If you are unsure about a fitting charitable recipient, a private philanthropy advisor or community foundation can help you identify charitable organizations that align with your interest and intent. Such advisors can help you identify and vet charitable organizations, draw up a gift agreement, and then periodically review and assess your gift for alignment with your intent.
Depending on the kinds of gifts you make, your accountant or attorney can assist you with tax compliance by proper documentation and reporting to ensure completion of the tax planning aspect of your gifts. Faulty documentation can reduce or eliminate the benefits a well-planned gift ought to achieve. The importance of careful and accurate tax reporting cannot be overemphasized.
There are many twists, turns, and caveats in the gifting world. Relying on your team of professionals is a sure way to leave a lasting legacy.
Oregon law now permits a Transfer on Death Deed (“TOD Deed”) that allows the owner or owners of real property to execute a deed that names one or more beneficiaries who will succeed to ownership at the owner’s death without a probate. However, as with any estate planning device, TOD Deeds have several pros and cons to consider. A TOD Deed creates no current legal or equitable interest in a beneficiary, can be revoked at any time, and does not affect the rights of the transferor’s creditors. As such, the completion and recordation of a TOD Deed is not a completed gift for tax purposes. The owner retains control over the property and cannot only revoke the deed, but can transfer title to third parties. Accordingly, the TOD Deed is superior in many ways to tenancies with right of survivorship or life estates as the transferor retains control and ownership.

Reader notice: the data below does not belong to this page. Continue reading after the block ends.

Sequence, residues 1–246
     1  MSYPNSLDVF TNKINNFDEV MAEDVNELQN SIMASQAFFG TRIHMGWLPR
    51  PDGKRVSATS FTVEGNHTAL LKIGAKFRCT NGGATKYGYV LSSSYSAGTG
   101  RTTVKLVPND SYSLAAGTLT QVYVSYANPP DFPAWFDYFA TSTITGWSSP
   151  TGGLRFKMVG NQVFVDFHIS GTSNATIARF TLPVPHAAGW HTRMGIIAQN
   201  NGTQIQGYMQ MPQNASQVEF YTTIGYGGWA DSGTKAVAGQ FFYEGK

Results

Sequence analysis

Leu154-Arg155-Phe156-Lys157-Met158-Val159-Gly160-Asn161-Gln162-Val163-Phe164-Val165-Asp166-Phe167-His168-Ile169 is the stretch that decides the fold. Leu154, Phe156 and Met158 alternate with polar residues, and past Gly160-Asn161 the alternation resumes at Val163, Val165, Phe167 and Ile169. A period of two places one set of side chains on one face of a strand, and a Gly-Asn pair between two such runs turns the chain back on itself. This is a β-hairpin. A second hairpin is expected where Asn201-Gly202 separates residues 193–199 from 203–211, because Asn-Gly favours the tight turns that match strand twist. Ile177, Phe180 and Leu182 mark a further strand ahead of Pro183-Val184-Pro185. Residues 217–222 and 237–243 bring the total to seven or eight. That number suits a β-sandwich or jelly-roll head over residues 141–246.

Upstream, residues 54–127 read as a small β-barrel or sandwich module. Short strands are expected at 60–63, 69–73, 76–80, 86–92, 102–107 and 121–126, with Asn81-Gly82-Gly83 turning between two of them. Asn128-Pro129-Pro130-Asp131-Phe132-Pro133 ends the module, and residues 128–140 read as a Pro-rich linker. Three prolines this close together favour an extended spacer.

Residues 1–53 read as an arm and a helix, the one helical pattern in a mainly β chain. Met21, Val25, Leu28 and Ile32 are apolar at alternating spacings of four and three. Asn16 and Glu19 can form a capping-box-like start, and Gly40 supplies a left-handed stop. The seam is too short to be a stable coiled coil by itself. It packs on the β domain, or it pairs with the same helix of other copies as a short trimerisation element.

In summary, TOD Deeds can be a useful tool, but must be used wisely. Given that real property is often the single largest portion of any decedent’s estate, TOD Deeds should be considered and drafted as carefully as a traditional will or trust.
Many people fail to plan for incapacity because they mistakenly assume that their spouse or child will be able to handle their finances or health care if something happens to them. No one should rely on such assumptions given our ever increasing regulatory environment. Most institutions cannot legally deal with family members without proper documentation. Accordingly, we recommend that you have the following two documents in place, at a minimum, to direct who is to make financial and health care decisions for you if you become incapacitated: